A caveat, though, is that the language of s 4 POHA may arguably be interpreted broadly enough to be applied against such persons. Section 4 targets persons who “by any means make threaten, abusive, or insulting communications which is heard, seen or otherwise perceived by any person… likely to be caused harassment, alarm or distress” (emphasis added). This may possibly include cases where the offence is committed through the means of a bot. Further, there is no need to show intention under section 4. Despite the broad language of section 4, whether programmers who have deployed autonomous chatbots could be caught under this provision remains to be seen, as such cases have yet to be brought before the Singapore courts.
Therefore, the only provision that appears to expressly contemplate any offensive speech made by bots is section 8 of POFMA. It prohibits a person from “mak[ing] or alter[ing] a bot with the intention of communicating…or enabling any other person to communicate, by means of the bot, a false statement of fact”. It is noteworthy that, unlike many existing regulations that protect against the effects of AI abuse, this provision targets the use of AI systems “at source”. This effectively obviates the need of tying a human offender to the actus reus and causation of the offensive speech.
However, some gaps may be observed: first, the provision targets falsehoods and not hate speech directly. Instances of hate speech that do not contain falsehoods would hence escape this provision. For example, the statement “I hate jews” by Microsoft Tay would likely fall outside the ambit of section 8 as it is simply a statement of opinion. The same likely applies to Luda Lee’s remarks that she would “rather die” than live as a handicapped person. Secondly, it requires an intention by the offender to communicate the offensive speech, such that the bot is used as a mere conduit. This raises several thorny issues relating to AI and intent. Given the obscurity of AI systems, how do we show that a developer intended the offensive speech made autonomously by a bot? What about instances where offensive speech was not specifically intended?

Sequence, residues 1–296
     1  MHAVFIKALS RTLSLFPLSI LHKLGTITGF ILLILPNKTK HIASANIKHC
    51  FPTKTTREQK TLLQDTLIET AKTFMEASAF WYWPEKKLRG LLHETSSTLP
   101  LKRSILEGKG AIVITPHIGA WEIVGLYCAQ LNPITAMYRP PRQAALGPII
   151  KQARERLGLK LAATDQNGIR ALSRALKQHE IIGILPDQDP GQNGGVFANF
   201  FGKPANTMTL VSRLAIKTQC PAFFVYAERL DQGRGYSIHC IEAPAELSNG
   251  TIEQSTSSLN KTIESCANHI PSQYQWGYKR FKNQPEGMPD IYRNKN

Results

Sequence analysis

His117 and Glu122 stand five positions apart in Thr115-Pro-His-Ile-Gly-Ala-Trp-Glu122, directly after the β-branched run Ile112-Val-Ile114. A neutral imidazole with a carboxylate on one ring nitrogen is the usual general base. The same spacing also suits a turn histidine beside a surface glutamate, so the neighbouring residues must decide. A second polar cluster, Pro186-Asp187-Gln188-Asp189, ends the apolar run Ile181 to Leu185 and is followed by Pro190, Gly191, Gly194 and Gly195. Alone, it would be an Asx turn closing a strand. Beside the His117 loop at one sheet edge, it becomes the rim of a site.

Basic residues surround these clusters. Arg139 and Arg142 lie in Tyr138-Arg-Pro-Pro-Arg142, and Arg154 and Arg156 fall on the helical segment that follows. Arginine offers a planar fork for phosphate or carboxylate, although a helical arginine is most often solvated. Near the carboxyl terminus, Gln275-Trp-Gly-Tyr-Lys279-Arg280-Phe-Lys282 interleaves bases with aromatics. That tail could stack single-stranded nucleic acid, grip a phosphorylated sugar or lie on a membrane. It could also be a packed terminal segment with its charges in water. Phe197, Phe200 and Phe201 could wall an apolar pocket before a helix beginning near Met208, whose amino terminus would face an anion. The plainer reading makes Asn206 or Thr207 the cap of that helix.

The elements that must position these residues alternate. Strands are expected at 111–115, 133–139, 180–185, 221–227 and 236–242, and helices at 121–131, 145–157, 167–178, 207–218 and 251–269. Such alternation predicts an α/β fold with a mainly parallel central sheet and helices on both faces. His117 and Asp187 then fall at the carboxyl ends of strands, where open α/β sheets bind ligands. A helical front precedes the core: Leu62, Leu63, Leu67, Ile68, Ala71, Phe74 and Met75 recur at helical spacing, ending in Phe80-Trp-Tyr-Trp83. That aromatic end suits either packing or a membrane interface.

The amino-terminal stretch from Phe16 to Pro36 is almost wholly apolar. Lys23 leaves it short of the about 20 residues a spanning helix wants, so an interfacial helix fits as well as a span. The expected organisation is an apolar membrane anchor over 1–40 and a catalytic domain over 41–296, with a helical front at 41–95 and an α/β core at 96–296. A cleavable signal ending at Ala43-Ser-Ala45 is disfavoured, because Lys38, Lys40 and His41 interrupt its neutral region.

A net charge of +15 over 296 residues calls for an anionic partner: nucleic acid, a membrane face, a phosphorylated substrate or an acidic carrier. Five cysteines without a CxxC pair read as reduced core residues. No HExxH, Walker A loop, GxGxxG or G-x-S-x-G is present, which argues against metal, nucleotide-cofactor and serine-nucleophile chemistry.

Challenges in attributing criminal liability
How do deep learning bots work?
Before we properly explore issues relating to the imputation of mens rea to its human actors, this paper prefatorily highlights three broad attributes of AI bots that create issues in imputing criminal intent.
The first attribute relates to the level of automation and human oversight. AI chatbots, like Microsoft’s Tay, are typically autonomous without human input in their decision-making and unsupervised by any human operator. This “human-out-of-the-loop” decision-making approach makes human involvement more remote to the actual offensive speech made by a chatbot, and consequently renders the attribution of actus reus, mens rea and causation to a human more laborious.
Secondly, AI-enabled systems which utilise deep-learning algorithms have to be trained on an extremely large dataset. For chatbots, large volumes of data containing human communication are found most easily online. As harassing, defamatory or hate speech cannot be easily filtered from online data, chatbots which are programmed with adaptive learning capabilities are therefore susceptible to “learning” offensive speech not from its developer, but from third parties.
The third and most consequential attribute is the inexplicability and unpredictability of deep learning systems. This is also called the “black box” problem. The decision-making process of AI chatbots enabled by deep neural networks, is so complex that it is unintelligible to humans, and even unpredictable to its developers. As an AI model powered by deep neural networks learns from experience, its knowledge and conduct cannot be reduced to a set of rules or instructions.  Its decision-making process is hence generally opaque to developers.